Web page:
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Plans for removing debris from No.1

September 23, 2014

Tepco to start removing blast debris from reactor 1 building in late 2015



IWAKI, FUKUSHIMA PREF. – Tokyo Electric Power Co. will begin removing hydrogen explosion debris from the reactor 1 building at the Fukushima No. 1 nuclear plant in winter 2015, officials said.

Prior to the move, the utility will soon start dismantling the building’s cover, the officials said Monday during a meeting with government officials in Iwaki, Fukushima Prefecture.

A hydrogen explosion tore apart the reactor 1 building on March 12, 2011, the second day of the crisis.

Tepco and the government vowed to take steps to prevent radioactive materials from being spread during the debris removal and protect local residents from possible exposure.

Similar work at reactor 3 last year is believed to have spread radioactive contaminants in nearby areas. The removal work raised dust containing radioactive materials, causing radiation levels to rise at monitoring posts at the plant. Critics say the dust spread, polluting rice paddies in some parts of Fukushima Prefecture.

Tepco also plans to start removing nuclear fuel rods from the spent fuel storage pool inside the reactor 1 building in the latter half of fiscal 2017. The planned debris removal is necessary to start that work. At present, a cover encloses the whole of the destroyed reactor building. Tepco said it would take about one year to remove the cover.

But the process may not go as smoothly as planned, given the problems Tepco has been facing on another front: dealing with tainted water at the plant.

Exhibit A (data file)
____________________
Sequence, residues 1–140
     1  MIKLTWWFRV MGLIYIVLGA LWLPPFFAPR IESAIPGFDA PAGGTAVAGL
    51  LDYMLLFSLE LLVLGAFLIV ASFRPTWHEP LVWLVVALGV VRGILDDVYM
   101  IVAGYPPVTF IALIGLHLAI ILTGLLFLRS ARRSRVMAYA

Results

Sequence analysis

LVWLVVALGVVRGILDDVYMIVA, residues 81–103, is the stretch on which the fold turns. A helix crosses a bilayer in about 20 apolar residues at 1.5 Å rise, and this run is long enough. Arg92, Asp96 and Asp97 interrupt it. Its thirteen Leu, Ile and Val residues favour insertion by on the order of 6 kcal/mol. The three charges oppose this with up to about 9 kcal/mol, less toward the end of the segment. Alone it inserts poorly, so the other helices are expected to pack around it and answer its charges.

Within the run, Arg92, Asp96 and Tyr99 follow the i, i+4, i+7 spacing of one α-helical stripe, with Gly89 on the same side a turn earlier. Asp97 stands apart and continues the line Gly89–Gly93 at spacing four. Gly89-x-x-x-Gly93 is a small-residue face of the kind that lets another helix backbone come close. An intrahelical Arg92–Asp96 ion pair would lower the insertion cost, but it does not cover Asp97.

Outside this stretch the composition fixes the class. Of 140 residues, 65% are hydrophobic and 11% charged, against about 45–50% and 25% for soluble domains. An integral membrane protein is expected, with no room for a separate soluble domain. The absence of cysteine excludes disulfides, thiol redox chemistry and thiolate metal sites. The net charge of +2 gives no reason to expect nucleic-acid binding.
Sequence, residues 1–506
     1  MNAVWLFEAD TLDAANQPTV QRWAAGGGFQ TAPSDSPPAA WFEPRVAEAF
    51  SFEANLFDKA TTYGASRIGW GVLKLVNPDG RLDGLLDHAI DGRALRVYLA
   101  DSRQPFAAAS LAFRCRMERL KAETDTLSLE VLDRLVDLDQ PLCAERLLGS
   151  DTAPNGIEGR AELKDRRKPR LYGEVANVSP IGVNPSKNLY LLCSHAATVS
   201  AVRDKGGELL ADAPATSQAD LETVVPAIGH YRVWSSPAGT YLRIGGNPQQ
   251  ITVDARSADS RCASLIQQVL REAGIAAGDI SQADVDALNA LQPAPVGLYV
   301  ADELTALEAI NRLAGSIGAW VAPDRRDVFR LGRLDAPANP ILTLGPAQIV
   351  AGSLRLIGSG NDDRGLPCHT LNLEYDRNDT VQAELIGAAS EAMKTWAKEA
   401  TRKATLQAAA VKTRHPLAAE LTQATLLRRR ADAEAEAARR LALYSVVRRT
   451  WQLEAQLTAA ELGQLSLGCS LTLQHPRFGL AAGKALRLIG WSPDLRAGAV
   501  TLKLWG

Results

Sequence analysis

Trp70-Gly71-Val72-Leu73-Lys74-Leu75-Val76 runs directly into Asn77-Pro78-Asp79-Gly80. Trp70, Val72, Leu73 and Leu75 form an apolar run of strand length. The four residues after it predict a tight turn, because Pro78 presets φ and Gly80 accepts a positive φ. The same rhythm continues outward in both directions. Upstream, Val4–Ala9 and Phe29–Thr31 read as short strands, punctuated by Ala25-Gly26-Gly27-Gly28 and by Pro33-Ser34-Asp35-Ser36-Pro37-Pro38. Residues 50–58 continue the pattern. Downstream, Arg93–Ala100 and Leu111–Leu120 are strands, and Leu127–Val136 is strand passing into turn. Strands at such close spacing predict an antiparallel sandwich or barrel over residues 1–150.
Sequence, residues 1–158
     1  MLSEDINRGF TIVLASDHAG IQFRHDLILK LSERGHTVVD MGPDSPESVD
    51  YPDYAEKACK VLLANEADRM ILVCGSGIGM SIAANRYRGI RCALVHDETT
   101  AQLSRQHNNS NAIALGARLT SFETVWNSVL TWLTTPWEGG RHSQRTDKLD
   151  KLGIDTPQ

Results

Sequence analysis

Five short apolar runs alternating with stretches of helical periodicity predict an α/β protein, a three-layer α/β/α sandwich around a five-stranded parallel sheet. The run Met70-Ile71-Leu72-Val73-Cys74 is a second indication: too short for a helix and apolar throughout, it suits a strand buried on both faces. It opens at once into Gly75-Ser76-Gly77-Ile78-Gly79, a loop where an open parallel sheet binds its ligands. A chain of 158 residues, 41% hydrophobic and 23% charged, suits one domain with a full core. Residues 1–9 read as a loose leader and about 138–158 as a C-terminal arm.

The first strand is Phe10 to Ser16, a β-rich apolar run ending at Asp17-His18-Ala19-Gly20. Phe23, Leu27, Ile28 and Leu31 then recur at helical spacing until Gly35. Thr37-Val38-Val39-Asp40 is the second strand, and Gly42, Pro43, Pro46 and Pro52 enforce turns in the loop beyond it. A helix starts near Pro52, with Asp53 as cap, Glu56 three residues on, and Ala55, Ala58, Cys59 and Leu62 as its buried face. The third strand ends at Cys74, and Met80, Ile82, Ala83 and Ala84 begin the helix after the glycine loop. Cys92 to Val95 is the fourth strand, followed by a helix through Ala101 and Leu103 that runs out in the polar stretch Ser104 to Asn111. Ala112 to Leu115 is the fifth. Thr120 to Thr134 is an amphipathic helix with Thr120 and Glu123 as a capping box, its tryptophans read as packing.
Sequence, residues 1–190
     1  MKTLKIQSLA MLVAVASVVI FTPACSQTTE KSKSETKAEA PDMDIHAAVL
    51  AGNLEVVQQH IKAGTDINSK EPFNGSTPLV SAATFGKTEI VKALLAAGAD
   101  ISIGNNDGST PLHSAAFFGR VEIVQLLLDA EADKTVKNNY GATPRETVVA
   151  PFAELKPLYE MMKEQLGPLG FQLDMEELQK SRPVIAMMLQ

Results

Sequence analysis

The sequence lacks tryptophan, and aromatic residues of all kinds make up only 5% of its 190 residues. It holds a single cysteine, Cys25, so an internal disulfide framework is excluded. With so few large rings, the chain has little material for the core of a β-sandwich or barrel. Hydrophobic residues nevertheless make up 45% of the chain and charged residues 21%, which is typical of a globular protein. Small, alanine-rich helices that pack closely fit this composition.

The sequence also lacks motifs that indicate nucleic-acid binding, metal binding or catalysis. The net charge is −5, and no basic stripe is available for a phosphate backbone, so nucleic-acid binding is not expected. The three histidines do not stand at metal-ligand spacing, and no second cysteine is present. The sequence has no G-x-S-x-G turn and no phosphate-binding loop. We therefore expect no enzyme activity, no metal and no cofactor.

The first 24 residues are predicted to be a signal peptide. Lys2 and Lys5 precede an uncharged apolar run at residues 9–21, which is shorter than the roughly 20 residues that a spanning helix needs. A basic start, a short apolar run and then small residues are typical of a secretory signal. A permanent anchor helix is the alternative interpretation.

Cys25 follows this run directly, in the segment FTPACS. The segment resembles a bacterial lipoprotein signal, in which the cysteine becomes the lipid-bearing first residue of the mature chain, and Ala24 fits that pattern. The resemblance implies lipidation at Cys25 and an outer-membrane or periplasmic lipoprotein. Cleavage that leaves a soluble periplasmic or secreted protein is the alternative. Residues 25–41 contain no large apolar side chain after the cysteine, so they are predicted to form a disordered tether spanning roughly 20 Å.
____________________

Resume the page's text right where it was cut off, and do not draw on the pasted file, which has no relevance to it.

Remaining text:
Tepco said Monday that it now expects a further delay in work to remove highly radioactive water from an underground trench at the plant.

To enable the removal, Tepco plans next month to halt the radioactive water’s flow between the trench and the No. 2 reactor’s turbine building by injecting filler materials, including cement, into the section connecting the trench and the building, officials said.

The company hopes to complete the operation by January. Tepco previously aimed to finish the injection by the end of this month.

The trench, used to place cables and other equipment, holds some 5,000 tons of highly radioactive water, some of which may be leaking into the ground and the sea.

In preparation for the removal, Tepco in late April began an attempt to freeze radioactive water in a section that connects the tunnel to create a wall of ice to block the flow of water between the turbine building and the tunnel. The process would have made it easier to pump out highly radioactive water from the tunnel.

However, after the utility was unable to sufficiently freeze the water by the initially set deadline of mid-August, it switched to the use of fillers in an attempt to stop the flow by the end of this month.

The No. 2 reactor is one of the three that suffered a core meltdown.

A similar trench at reactor 3, which also had a meltdown, holds some 6,000 tons of radioactive water. It remains uncertain when work to remove that water will begin.

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